There is here a very important difference in procedure between Special Procedure Orders and Private Bills, which I should like to emphasise. I am not altogether sure that this difference in procedure was quite appreciated by the noble Lord, Lord Molson, but perhaps if I make it absolutely clear we shall know whether or not we are in agreement. In the case of Private Bills the Promoters and their opponents are all private parties, and it has been the practice of the House not to interfere between the parties in matters of locus standi except at the request of the party promoting. It is only when the Promoters of a Bill challenge the locus standi of a Petitioner that, in this House, the matter is referred for decision by the Select Committee set up to consider the Bill. In the House of Commons it is not a Select Committee but the Court of Referees which has to decide such a question. The precedents in the House of Commons are these. Whenever the locus standi of an amenity society has been challenged by the Promoters of a Bill in the House of Commons it has been disallowed by the Court of Referees. It is because their locus standi has not been challenged in this House that amenity societies have been able to petition against such Bills as the Tees Valley and Cleveland Water Bill, an important Bill which was before the House this Session. They are able to appear against the Bill because, in effect, the Promoters allow them to do so. That was an important point which was made by the noble and learned Viscount, Lord Dilhorne: that whether or not the Petition of an amenity society can be heard depends upon the Promoters' not objecting to the Petitioner.


My Lords, it would perhaps allow them to do so, but I must emphasise that it is at immense cost—and we must not forget this point in regard to this procedure—whereas with other procedures, such as the one which I put forward, it could have been done at a mere fraction of that cost.


My Lords, I appreciate the point of the noble Lord. It is far cheaper to appear in person than to pay for an agent to represent you. The larger and more complex the Bill, the more that has to be paid in legal costs. I am sure the House will appreciate the important difference in procedure here. I will summarise it in this way. In the case of Special Procedure Orders the locus of Petitioners has to be considered by the two Chairmen; in Private Bills, on the other hand, it is only considered if it is challenged by the Promoters. I hope I have made it clear why the Chairman of Ways and Means and I have decided that we must determine whether Petitioners have a locus standi.

The next question is what rules concerning locus standi are applied by the Chairmen. Neither the Statutory Orders (Special Procedure) Acts 1945 and 1965, nor the Standing Orders of both Houses indicate what does or does not confer a locus standi to Petition against a Special Procedure Order. The only possible answer to this question appears to us to be that locus standi must be decided in the light of the Standing Orders relating to locus standi of Petitioners against Private Bills. The relevant Standing Orders in this House on this subject are Nos. 117 and 118. Standing Order No. 117 has been extensively quoted and well explored, and different interpretations have been put upon it by different noble Lords. These two Standing Orders give discretion to Select Committees to allow locus in certain circumstances to societies, associations, local authorities and inhabitants who are injuriously affected by the provisions of the Bill.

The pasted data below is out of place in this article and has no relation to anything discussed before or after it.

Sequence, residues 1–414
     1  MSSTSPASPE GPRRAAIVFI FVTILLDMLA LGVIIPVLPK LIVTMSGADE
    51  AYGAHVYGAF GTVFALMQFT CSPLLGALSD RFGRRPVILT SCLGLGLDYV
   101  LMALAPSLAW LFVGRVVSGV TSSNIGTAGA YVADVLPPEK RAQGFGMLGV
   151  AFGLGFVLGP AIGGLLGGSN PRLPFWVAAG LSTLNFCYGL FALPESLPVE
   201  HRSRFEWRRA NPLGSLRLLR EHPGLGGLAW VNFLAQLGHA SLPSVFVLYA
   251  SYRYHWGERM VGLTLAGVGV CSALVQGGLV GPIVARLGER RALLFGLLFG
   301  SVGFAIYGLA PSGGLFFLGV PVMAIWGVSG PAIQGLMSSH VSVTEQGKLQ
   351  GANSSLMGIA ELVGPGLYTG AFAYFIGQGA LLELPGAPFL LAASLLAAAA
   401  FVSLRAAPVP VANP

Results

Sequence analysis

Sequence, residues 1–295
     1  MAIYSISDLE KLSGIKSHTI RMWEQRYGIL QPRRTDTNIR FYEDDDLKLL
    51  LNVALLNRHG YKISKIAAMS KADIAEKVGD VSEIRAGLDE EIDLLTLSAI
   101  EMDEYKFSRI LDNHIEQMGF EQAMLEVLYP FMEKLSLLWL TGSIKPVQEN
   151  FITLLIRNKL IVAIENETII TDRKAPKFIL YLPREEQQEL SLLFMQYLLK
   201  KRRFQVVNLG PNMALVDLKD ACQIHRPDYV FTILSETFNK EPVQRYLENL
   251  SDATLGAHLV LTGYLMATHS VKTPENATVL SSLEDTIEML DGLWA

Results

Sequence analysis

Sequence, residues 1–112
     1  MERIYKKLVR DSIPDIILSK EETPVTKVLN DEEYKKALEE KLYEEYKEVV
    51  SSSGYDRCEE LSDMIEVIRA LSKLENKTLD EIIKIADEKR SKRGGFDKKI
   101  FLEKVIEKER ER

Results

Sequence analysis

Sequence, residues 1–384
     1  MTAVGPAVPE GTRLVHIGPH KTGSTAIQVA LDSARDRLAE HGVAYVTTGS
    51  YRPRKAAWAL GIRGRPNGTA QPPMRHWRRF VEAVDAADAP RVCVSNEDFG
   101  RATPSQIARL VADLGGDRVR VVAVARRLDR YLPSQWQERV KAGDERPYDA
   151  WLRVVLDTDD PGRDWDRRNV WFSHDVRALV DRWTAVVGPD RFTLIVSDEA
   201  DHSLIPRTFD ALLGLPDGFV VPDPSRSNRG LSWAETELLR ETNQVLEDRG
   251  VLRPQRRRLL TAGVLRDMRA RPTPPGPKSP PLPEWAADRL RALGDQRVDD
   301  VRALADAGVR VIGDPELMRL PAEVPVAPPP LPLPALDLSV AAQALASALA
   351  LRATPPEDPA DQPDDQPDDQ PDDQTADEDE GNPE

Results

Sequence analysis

I do not think I need weary your Lordships by summarising the contents of these two Standing Orders because they have been so frequently referred to in the course of this debate, but I would point out that they provide the rules which are applied by the two Chairmen in these cases. They limit locus standi to cases where the Petitioners can show injurious affection, and Petitioners must be a large number of the local inhabitants of the area affected by the Order. Those are the two essential conditions—injurious affection and injurious affection to the inhabitants of an area which is pre-judiciously affected by an Order. The only case in which an amenity society could be granted a locus standi to petition against a Private Bill would be if the society represented the inhabitants of the area, the whole or any part of which was alleged to be injuriously affected by the Bill. That is to say, the Petition would have to be that of the inhabitants speaking through the society, and not the Petition of a society, such as a national society, which happened to include in its membership some of the inhabitants.

I would conclude by saying that it is, of course, for the House to regulate its own Standing Orders. These could be amended to admit national and local amenity societies as Petitioners against Special Procedure Orders, but such a decision would have to be taken by both Houses, and any Amendments proposed to the Standing Orders would have to be in the same terms and agreed to by each House. It will also be apparent that any Amendment, to be acceptable, must conform to the provisions of the 1945 Act. I would only say that in my view the Standing Orders could be changed without necessity for amending the 1945 Act. I have listened with the greatest care to all that has been said in this debate, and to-morrow I shall study Hansard very carefully to note anything which I may have missed. I can assure my noble Lords that I shall ask my right honourable friend the Chairman of Ways and Means in another place to read and study this debate with the utmost care, and I will also ask him to consider the question of the appropriate Parliamentary machinery for the revision of the relevant Standing Orders in both Houses.

House adjourned at twenty minutes past eight o'clock.